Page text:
Title: “Songs for the Missing”
Author: Stewart O’Nan
Format: Paperback ARC
Number of Pages: 287
Date of Publication: November 2008
4 stars: What would you do if your child went missing?
“The first person her mother called was Nina.
The second was J.P.
The third was Connie at the hospital.
The fourth was the police.” (*pg 15)
I admit that I’ve been putting off reading this book. By reading the back blurb I could tell that it would be a depressing read. “Songs for the Missing” is the story of a girl named Kim, and what happens to her family, friends, and community when she goes missing. Neither I, nor anyone in my family, have ever had to experience the disappearance of a friend or family member, for which I am extremely thankful- especially after reading this book. I cannot imagine going through what Kim’s family did.
My issues with this book were few and far in between– oddly enough mainly the beginning and the ending. I felt that we were overloaded with details in the first few pages. It was too much at once, and I really had to push through them. It did pick up after that, and I found it hard to put the book down. As for the ending, I would have preferred if the book had ended without the last two chapters. To me they felt if they had just been tacked on as an afterthought. They weren’t bad, just different, and maybe unnecessary. (Just my opinion of course.) My only other problem with the book was the shift of point of view in the chapters. It at times felt jarring, and took a minute to figure out who was telling the story. However, it was enlightening to see through the eyes of different characters. I particularly found J.P’s (Kim’s boyfriend) point of view the most interesting.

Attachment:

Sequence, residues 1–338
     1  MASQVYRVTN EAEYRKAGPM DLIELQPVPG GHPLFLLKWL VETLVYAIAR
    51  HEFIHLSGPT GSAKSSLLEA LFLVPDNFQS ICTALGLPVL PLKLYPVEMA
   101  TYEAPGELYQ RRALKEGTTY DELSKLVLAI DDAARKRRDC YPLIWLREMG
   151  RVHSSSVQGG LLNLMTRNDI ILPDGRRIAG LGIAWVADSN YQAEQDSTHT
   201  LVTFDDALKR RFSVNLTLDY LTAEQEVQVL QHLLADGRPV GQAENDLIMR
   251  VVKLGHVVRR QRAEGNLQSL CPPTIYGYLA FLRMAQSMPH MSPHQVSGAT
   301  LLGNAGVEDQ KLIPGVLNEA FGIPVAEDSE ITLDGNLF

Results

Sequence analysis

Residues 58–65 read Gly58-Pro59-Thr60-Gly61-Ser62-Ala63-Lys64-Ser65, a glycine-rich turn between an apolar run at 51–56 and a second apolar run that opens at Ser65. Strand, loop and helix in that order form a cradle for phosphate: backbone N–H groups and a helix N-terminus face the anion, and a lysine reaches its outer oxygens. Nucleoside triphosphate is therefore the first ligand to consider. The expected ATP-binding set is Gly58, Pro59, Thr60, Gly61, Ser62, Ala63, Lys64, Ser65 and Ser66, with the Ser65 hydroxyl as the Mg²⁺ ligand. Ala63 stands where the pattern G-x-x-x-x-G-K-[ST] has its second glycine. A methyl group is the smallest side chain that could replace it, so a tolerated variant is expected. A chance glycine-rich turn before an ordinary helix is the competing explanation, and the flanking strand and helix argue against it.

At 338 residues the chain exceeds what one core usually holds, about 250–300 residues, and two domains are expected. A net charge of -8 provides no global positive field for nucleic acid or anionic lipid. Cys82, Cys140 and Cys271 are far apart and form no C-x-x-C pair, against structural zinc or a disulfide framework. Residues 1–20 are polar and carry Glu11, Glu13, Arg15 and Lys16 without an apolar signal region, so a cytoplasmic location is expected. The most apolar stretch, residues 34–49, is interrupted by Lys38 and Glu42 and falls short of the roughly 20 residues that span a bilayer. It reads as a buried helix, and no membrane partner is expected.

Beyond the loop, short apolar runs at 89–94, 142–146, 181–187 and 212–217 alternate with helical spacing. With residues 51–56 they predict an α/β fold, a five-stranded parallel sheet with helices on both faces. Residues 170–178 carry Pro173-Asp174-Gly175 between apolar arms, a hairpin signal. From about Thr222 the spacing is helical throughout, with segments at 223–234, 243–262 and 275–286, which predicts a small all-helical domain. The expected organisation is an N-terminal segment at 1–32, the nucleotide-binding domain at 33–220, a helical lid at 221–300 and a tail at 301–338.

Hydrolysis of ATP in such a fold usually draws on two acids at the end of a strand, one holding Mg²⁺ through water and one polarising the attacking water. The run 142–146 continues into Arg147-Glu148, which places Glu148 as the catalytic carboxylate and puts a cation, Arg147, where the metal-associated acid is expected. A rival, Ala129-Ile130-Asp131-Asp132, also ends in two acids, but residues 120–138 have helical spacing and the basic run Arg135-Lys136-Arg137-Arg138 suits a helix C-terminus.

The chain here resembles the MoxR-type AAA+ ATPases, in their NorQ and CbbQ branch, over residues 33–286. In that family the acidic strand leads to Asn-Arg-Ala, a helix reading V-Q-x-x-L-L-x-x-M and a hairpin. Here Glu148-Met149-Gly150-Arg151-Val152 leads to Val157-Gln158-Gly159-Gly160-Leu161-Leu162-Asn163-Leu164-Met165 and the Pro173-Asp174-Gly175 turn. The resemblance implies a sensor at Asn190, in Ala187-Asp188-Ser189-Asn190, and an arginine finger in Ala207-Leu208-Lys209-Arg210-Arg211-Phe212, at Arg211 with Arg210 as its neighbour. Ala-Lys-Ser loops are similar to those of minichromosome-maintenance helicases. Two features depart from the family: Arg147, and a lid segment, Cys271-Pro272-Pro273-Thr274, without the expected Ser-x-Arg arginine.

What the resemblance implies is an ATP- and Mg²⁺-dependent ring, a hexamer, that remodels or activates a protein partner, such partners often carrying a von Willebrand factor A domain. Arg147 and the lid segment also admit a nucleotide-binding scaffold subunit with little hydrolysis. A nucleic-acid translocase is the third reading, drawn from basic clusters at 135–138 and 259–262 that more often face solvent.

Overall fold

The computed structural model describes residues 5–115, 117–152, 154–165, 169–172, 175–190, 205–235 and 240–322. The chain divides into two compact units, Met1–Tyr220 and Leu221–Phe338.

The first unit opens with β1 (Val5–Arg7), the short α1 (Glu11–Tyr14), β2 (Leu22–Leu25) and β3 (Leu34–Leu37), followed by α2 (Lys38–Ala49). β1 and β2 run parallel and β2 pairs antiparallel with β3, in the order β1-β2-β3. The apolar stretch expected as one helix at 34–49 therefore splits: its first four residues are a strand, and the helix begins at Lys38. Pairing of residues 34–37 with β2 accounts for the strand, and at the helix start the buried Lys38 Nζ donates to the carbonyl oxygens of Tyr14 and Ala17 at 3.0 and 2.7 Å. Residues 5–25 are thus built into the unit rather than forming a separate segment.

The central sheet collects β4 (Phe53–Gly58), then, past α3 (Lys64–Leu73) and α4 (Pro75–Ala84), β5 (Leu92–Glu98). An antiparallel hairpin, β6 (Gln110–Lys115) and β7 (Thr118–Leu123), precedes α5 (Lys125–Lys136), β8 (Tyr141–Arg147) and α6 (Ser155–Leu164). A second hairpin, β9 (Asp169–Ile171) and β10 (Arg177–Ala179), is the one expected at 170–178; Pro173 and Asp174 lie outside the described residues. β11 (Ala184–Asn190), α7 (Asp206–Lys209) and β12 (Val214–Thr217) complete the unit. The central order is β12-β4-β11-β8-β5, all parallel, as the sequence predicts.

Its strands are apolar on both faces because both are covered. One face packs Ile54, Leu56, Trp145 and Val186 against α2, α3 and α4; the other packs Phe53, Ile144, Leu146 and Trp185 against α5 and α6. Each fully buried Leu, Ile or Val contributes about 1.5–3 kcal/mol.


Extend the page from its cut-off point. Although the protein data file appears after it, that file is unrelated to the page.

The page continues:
The story itself was hard to read at times. I certainly wouldn’t recommend it for somebody who has had a disappearance of a friend or family member. I got teary-eyed at a couple of spots. The grief, the denial, the searches, the fliers, the volunteers… it was a lot to take in. O’Nan’s use of details make us feel like we are there– you can feel the bushes scrape your leg as you search through the wood, your heart leaps into your throat everytime the phone rings… But from tips to clues, to trying to guess who was guilty-if anyone- overall I felt the story flowed nicely. Even more interesting was the metamorphosis of Kim’s sister and parents.
I think I would recommend this book, so long as the person is aware of the subject matter and believes they can handle it. This is the first of O’Nan’s work that I’ve picked up, but I will definitely be looking for some of his others. (From the back cover: Stewart O’Nan is the author of eleven novels, most recently Last Night at the Lobster, a story collection, and two works of nonfiction. He lives with his family in Connecticut)
*These lines may change in the final publication of the book.
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